When the Coston’s Brook corridor that runs out of a culvert near the children’s playground and joins the river Brent about 200m further on was opened up about 18 months ago by removing much of the impenetrable undergrowth and blackthorn, we always knew the shrubs and trees would come back. Meanwhile we enjoyed all the new shoots coming up along the new path leading to the new bridge and in the morning with hoar frost they looked fantastic. But it was time to move to the next season and so the haircut arrived yesterday.
The Portuguese always had a love affair with “grelos”, these being the flowering shoots of the Brassica family. Two or three weeks ago we harvested a lot of cabbage “grelos” but those are now in full bloom and no longer tender enough to be consumed. Since last week the mustard variety started producing their “grelos” and we have been harvesting them in large quantities. If it does not get too hot we will go on doing so for the next 2 weeks.
This morning we went for a stroll around the park with Neil Anderson to see how many different species of birds we could spot. The final total: 31 and as Neil put it “if we’d looked harder we could have found House Sparrows by some of the gardens + previous visits have seen Jay & Greenfinch”. The kingfishers in particular were a treat! As the river Brent improves we hope to see them far more often.
Google maps has for some time allowed anyone to upload a photo of a feature on the map. Once you have done this, they then kindly send you periodic encouragements to continue the habit by revealing the viewing statistics for your photos and a slider which supposedly rewards your activities with “points”.
As the name indicates, the Greenwayers normally work along the river from Gurnell to Greenford but on Sunday 10th November, in the spirit of friendship, we went slumming it in Pitshanger Park to relieve them of a bit of their rubbish before it reaches us!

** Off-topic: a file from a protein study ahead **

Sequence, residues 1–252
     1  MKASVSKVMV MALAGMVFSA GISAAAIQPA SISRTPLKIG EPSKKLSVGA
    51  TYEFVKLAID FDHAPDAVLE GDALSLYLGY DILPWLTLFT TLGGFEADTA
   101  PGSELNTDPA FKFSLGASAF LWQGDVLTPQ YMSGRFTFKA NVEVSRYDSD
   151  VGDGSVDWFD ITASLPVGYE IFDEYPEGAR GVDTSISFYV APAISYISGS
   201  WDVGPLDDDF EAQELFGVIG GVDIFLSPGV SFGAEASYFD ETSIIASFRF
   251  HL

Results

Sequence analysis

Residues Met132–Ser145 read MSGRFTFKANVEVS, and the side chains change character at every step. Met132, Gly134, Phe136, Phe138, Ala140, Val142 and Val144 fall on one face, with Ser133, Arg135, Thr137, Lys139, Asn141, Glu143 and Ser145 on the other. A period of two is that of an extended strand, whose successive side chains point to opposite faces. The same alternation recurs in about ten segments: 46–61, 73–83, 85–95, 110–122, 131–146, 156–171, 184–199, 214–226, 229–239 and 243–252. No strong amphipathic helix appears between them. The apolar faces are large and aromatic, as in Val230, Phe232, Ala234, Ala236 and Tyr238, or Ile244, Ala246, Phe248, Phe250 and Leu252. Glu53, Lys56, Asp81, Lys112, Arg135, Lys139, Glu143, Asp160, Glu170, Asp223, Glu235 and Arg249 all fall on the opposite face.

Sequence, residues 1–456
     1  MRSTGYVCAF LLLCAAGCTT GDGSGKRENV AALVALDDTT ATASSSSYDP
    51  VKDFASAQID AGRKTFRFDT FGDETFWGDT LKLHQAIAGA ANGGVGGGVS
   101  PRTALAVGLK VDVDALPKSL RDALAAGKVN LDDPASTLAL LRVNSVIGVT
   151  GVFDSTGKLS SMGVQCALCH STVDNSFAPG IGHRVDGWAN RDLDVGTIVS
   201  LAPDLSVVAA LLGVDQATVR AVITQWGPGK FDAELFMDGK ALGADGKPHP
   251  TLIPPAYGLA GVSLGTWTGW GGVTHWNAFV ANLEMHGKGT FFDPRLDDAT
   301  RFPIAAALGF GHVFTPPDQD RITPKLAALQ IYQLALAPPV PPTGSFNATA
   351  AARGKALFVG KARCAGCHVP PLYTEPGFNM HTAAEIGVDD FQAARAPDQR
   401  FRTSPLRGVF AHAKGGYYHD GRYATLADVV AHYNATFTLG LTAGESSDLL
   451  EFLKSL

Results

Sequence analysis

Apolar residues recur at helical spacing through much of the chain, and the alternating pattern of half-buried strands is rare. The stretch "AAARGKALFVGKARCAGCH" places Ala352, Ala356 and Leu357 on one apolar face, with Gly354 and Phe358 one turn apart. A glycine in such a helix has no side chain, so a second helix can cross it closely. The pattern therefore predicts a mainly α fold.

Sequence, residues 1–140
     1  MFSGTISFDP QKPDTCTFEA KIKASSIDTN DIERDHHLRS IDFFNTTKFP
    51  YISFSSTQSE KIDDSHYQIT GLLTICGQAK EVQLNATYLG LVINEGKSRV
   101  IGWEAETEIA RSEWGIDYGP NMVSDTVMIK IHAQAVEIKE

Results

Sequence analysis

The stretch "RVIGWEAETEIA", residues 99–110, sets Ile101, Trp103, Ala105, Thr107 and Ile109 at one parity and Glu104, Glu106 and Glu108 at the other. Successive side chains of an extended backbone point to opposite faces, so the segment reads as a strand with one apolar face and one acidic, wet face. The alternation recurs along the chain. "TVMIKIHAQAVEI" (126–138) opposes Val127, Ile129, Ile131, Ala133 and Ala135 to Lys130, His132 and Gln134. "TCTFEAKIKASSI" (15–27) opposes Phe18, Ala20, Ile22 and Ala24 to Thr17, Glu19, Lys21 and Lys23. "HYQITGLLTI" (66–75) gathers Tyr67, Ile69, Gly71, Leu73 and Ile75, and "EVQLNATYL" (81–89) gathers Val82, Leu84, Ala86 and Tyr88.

Carmel Cahill sent me these photos; she is one of the new Friends of Perivale Park, which was formed on Monday 4th November, 2019. The photos come with the comments:
If you have visited the park recently you might have noticed progress with the orchard. The trees are in and are being watered, four sturdy benches made from recycled tropic hardwood for seating are now complete and very soon raised beds will appear for planting with herbs.
LIDAR (light and RADAR map) is a 3D mapping technique that detects surface features which are not otherwise discernible from the ground. One of the Ealing park rangers (thanks James!) pointed me to this site; https://houseprices.io/lab/lidar/map?ref=TQ15148280 which provides a postcode based map of UK LIDAR data. Here it is for Perivale Park.
Trees for Cities is a charity which mobilizes armies of volunteers to go plant trees. Today, it was the turn of Perivale Park, part of the new Greenford to Gurnell Greenway project.
You obviously have to be up fairly early to see this aspect of the Park. Here is sunrise on the morning of November 14, 2018 at ~07.10 am.
I have previously mentioned this flagship plan by Ealing council for enhancing the Perivale Park area. Today the plan was published, along with an invitation for people to comment. I do urge anyone reading this to do so!
On September 8th at 12.00, a memorial will be unveiled in Perivale Park to Nicky Hopkins (“Rock’s Greatest Session Man“) He was a famous session musician who played with many of the greats of the 1960s onwards such as the Rolling Stones, the Beatles, David Bowie, Paul McCartney, Jeff Beck, Rod Stewart, Ella Fitzgerald, Art Garfunkel and many others.
Close to Perivale Park is St Mary’s Perivale, a 12th century church now used as a music venue.
London is about to become a national park city, with the aim of encouraging Londoners and visitors to London to get out and explore its many green features. One way of doing this is to go on a StationWalk, where you start and end at a station.
Bees are having a tough time around the world. Oddly, they are surviving very well in cities. One reason are the wild flower meadows in London and for some summer relief I thought I would tell you the story of the one shown below.